Is Faith Necessary for Salvation?

Discussion in 'Baptist Theology & Bible Study' started by Baptist_Pastor/Theologian, Nov 12, 2006.

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  1. Baptist_Pastor/Theologian

    Baptist_Pastor/Theologian
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    We have had some interesting discussions surrounding Calvinism. In the course of those discussions I have tried to point out that the criticism that Calvinism excludes the non-elect from the possibility of salvation is unfair. It is true that Calvinism teaches that Christ only died for the elect, however, freewill theology suffers from the same problem that Calvinism does: not everyone has an opportunity to receive the gospel. The basic idea in freewill theology is that Christ died for everyone and everyone has an opportunity to believe the gospel. When I have faced this argument in the past I have brought up the fact that not every has an opportunity to believe the gospel because there have been billions of people on the face of this earth who have not had a chance to receive Christ. Today I watched a report on the nation of China and the work of missionaries in that country. The report stated that China has 300 million children under the age of 15. My question for the board is simple: If those 300 million children do not hear the gospel will they die and go to hell based on what the Bible teaches? In other words do you believe it is possible to go to heaven without having faith in Christ?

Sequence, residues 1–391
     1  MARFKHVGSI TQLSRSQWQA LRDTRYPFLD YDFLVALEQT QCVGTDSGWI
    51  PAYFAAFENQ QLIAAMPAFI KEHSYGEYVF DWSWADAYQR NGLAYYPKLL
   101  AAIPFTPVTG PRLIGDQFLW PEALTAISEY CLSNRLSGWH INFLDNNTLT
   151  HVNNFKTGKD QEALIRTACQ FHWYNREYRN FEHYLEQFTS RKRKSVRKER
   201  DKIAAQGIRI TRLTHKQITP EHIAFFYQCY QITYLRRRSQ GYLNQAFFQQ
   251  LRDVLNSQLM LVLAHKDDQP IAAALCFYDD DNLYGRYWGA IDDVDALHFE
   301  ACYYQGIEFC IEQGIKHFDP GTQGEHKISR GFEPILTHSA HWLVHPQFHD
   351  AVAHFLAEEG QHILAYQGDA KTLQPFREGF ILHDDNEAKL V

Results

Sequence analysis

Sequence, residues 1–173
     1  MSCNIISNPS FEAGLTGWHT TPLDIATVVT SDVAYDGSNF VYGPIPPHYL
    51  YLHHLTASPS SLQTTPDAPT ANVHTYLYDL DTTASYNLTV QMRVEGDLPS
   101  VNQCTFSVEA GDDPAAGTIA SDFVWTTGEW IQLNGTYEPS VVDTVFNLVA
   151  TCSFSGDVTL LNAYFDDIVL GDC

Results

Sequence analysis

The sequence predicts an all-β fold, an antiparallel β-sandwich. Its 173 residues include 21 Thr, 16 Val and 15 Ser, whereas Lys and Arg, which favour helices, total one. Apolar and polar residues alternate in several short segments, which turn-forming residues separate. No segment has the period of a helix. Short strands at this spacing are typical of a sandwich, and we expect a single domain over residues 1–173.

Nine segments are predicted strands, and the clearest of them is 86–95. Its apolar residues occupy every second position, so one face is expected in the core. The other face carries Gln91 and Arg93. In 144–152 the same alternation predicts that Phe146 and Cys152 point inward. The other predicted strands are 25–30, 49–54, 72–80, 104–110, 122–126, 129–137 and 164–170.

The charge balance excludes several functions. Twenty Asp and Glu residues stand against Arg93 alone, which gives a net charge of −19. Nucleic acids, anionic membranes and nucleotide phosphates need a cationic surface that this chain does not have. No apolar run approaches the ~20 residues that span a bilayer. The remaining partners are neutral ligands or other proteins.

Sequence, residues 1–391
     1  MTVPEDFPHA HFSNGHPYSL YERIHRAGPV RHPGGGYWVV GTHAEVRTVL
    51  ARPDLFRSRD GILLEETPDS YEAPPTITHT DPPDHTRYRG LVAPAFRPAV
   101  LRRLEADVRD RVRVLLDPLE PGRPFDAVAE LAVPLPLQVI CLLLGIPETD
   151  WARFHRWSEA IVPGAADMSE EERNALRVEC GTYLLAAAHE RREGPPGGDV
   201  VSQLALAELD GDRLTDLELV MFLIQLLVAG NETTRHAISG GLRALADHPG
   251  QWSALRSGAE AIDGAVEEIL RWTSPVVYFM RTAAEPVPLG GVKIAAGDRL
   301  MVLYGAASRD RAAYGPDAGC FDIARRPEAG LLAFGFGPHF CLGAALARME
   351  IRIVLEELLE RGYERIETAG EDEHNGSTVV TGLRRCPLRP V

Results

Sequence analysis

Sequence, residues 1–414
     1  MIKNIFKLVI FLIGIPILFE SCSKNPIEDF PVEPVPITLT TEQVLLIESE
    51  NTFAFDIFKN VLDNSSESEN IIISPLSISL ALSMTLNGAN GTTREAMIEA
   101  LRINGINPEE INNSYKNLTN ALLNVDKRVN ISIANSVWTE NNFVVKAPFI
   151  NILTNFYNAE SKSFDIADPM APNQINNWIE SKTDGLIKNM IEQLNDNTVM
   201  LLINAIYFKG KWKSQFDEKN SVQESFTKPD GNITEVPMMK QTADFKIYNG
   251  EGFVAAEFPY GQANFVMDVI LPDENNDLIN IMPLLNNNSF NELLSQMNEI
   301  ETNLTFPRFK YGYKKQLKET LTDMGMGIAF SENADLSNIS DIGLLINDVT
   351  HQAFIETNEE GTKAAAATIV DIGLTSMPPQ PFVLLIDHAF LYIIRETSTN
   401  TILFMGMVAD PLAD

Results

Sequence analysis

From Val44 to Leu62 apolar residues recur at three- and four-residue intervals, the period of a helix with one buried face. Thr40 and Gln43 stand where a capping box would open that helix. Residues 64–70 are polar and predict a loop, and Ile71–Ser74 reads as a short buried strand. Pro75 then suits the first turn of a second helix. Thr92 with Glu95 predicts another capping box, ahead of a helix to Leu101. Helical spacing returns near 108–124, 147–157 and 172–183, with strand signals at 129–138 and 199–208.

2. npetreley

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    Corollary question: Given the freewill scenario, if these 300 million children do not hear the Gospel and go to hell, whose fault is it? Is it man's for not getting the Gospel to them? Or is it God's fault because He isn't powerful enough to manipulate the affairs of men such that men can get the Gospel to them?